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Appeal over Pakistan doctor's bin Laden conviction

Appeal over Pakistan doctors bin Laden conviction

Peshawar: Pakistani lawyers said Friday they would appeal the conviction for treason handed down by a tribal court to a surgeon recruited by U.S. intelligence to help find Osama bin Laden.

The archaic form of justice that governs Pakistan's semi-autonomous tribal belt on Wednesday jailed Shakeel Afridi for 33 years for agreeing to try and collect DNA for U.S. intelligence in their bid to locate bin Laden.

Afridi ran a fake vaccination program designed to collect bin Laden family DNA from the compound in the town of Abbottabad, where the Al-Qaeda leader was shot dead in a U.S. raid in May 2011.

‘We have requested the Khyber administration to provide us with the documents related to the trial and conviction, and once we get them, we will file an appeal in the office of the commissioner of the Frontier Crimes Regulation,’ lawyer Samiullah Afridi told AFP.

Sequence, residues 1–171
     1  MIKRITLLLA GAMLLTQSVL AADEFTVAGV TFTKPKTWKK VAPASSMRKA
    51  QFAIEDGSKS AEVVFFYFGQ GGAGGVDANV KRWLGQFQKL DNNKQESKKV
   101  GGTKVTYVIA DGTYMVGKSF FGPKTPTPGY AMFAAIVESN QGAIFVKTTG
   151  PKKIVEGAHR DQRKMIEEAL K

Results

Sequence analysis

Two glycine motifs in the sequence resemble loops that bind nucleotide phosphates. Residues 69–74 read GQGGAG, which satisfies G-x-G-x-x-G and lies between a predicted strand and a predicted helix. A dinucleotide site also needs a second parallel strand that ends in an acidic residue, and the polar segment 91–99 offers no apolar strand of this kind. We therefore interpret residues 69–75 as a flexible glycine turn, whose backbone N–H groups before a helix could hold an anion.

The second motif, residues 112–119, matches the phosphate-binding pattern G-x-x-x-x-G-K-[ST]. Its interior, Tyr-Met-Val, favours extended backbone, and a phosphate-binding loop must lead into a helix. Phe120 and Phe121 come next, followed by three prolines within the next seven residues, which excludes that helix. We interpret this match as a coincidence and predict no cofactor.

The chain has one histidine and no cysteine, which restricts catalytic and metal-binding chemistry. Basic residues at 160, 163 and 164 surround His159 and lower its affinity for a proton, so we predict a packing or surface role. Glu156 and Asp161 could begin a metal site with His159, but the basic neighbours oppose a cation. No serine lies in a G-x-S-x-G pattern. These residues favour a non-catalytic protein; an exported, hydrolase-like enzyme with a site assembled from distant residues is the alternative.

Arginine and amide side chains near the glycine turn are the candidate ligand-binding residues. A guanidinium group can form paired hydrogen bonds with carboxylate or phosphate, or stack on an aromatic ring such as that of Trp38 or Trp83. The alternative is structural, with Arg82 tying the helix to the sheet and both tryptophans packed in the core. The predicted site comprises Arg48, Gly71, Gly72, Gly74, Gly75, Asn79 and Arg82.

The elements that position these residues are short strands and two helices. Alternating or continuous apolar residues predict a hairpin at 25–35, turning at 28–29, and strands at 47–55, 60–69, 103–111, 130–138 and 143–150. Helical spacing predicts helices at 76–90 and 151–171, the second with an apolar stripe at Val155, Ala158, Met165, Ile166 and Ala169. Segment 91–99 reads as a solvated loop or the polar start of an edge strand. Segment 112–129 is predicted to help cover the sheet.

The lawyer, general secretary of the Peace Movement, a civil society group against militancy, said his organization did not believe the doctor committed any crime, but had instead worked ‘to help eliminate terrorism.’

The surgeon Afridi's jailing has exasperated the U.S., where the Senate Appropriations Committee has voted to cut U.S. aid to Pakistan by a symbolic $33 million -- $1 million for each year of jail time.

The measure, an amendment to the $52 billion U.S. foreign aid budget, passed in a 30-0 vote in a sign of growing frustration with Pakistan.

U.S. Secretary of State Hillary Clinton said the sentence was ‘unjust and unwarranted,’ saying Afridi was ‘instrumental in taking down one of the world's most-wanted murderers.’


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